What Is Acute Frontal
sinuses are a pair of small, air-filled cavities located just behind your eyes
in the brow region. Along with three other pairs of paranasal sinuses, these
cavities produce a thin mucus that drains through your nasal passages. Excess
mucus production or inflammation of the frontal sinuses can prevent this mucus from
draining properly, resulting in a condition called acute frontal sinusitis.
What Causes Acute Frontal
cause of acute frontal sinusitis is mucus buildup due to sinus inflammation. Several
factors may influence the amount of mucus being produced and your frontal
sinus’ ability to drain the mucus:
cold virus is the most frequent cause of acute frontal sinusitis. When you have
a cold or flu virus, it increases the amount of mucus your sinuses produce.
That makes them more likely to clog and become inflamed.
cavity is filled with tiny hairs called cilia that help block organisms from
entering the sinuses. These cilia aren’t 100 percent effective. Bacteria can
still enter your nose and travel to the sinus cavities. A bacterial infection in
the sinuses will often follow a viral infection, since it’s easier for bacteria
to grow in the mucus-rich environment caused by a viral infection such as the
common cold. Bacterial infections usually cause the most severe symptoms of
abnormal growths in your body. Polyps in the frontal sinuses may block the
sinuses from filtering air and increase the amount of mucus buildup.
Deviated Nasal Septum
have a deviated nasal septum can’t breathe equally through both sides of their
nose. A lack of proper air circulation can cause inflammation if the tissues of
the frontal sinuses become compromised.
Who Is at Risk for Acute
for acute frontal sinusitis include:
differences in the sinus cavities that impact drainage ability
What Are the Symptoms of
Acute Frontal Sinusitis?
Facial pain around
your eyes or forehead is the most common symptom of acute frontal sinusitis.
Other symptoms may vary in severity depending on the type of inflammation or
infection. They include:
of pressure behind the eyes
that gets worse during the night
mild or high fever
or sour breath
have all of the above symptoms, as well as the following:
cold that worsens
that is unusual in color
Diagnosing Acute Frontal
will ask you about your symptoms and their duration to distinguish between a
common cold and acute frontal sinusitis. Your doctor may lightly tap on your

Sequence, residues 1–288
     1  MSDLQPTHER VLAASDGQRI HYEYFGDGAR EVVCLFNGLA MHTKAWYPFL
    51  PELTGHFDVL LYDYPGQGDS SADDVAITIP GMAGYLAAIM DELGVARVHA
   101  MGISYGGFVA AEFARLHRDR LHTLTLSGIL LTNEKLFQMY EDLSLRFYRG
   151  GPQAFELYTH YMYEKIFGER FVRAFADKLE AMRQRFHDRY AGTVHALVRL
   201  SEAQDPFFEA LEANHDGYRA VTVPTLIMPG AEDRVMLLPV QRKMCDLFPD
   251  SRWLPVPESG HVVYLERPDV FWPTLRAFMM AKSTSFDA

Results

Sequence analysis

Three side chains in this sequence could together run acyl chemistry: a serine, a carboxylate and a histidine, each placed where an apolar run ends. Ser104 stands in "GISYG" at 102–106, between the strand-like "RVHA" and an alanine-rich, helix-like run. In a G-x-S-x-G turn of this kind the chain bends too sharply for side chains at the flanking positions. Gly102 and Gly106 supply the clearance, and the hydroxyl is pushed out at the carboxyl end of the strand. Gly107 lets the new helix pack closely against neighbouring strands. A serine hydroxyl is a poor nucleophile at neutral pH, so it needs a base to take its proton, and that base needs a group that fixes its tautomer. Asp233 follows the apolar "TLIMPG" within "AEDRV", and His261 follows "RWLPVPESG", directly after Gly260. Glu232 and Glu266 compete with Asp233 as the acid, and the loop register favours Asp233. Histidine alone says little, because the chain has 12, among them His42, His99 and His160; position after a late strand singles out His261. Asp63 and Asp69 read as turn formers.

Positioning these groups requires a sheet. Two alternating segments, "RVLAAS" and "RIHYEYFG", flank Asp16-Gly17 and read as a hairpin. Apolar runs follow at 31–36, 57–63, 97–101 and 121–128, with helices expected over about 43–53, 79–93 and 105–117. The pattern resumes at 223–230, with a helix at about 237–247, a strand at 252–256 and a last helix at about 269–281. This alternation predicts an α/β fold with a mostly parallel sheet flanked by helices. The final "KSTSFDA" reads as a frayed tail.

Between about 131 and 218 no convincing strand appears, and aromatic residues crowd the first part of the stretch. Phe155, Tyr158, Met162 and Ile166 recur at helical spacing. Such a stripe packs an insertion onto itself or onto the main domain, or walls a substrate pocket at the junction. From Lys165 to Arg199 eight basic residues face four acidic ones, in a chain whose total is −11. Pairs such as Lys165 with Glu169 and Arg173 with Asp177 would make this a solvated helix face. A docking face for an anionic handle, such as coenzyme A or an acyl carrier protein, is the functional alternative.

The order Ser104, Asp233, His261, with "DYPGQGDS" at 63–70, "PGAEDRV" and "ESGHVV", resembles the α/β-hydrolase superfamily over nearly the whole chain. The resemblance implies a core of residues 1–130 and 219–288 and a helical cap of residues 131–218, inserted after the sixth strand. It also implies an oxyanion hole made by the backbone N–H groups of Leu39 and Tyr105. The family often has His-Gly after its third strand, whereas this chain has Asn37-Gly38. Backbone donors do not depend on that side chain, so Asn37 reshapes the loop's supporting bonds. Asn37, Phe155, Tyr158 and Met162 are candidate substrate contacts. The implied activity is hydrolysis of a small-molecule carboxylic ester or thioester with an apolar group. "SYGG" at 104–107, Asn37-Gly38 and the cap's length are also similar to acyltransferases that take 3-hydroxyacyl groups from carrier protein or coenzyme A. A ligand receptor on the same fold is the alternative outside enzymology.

frontal sinuses to assess pain and tenderness.
You may also
be referred to an ear, nose, and throat doctor (ENT). This specialist will
check your nasal cavity for signs of polyps and inflammation. They may also
take samples of your mucus to look for infection.
Other tests your
doctor may use to diagnose acute frontal sinusitis include:
endoscopy to look inside your sinus and nasal cavities
tests with a CT scan or MRI
tests for other possible causes of sinusitis
Treating Acute Frontal
treatment depends on whether your sinusitis is caused by bacteria, polyps, or
some other factor.
cases of acute frontal sinusitis are caused by a viral infection, your doctor
may recommend taking a nasal spray or decongestant to assist with mucus
drainage and relieve pressure in the frontal sinuses.
You may also
be advised to take an over-the-counter pain reliever to treat the symptoms caused
by acute frontal sinusitis. However, children shouldn’t be given aspirin. It
can cause a deadly condition known as Reye’s syndrome.
symptoms don’t improve within seven to 10 days, the cause of your sinusitis may
be bacterial. Your doctor will likely prescribe you antibiotics to treat a
be used to repair a deviated septum causing acute frontal sinusitis.
What Is to Be Expected in
the Long Term?
sinusitis symptoms begin to disappear within a few days of treatment. However,
you should always take all prescribed medications as instructed. It may take
several weeks before the problem completely clears.
persist for 12 weeks or longer, it’s known as chronic frontal sinusitis.
Chronic sinusitis can be more difficult to treat with medicine and often
requires surgery to improve sinus drainage.
Preventing Acute Frontal
You can help
prevent problems in your sinuses by practicing good hygiene to avoid infection.
You should wash your hands before eating and after using the bathroom. Make
sure to wash your hands before touching your face. Avoiding allergens such as
tobacco smoke can also prevent infection and mucus buildup.
of water and eat healthy foods to keep your immune system strong and
functioning properly. Staying hydrated can also help your mucus drain.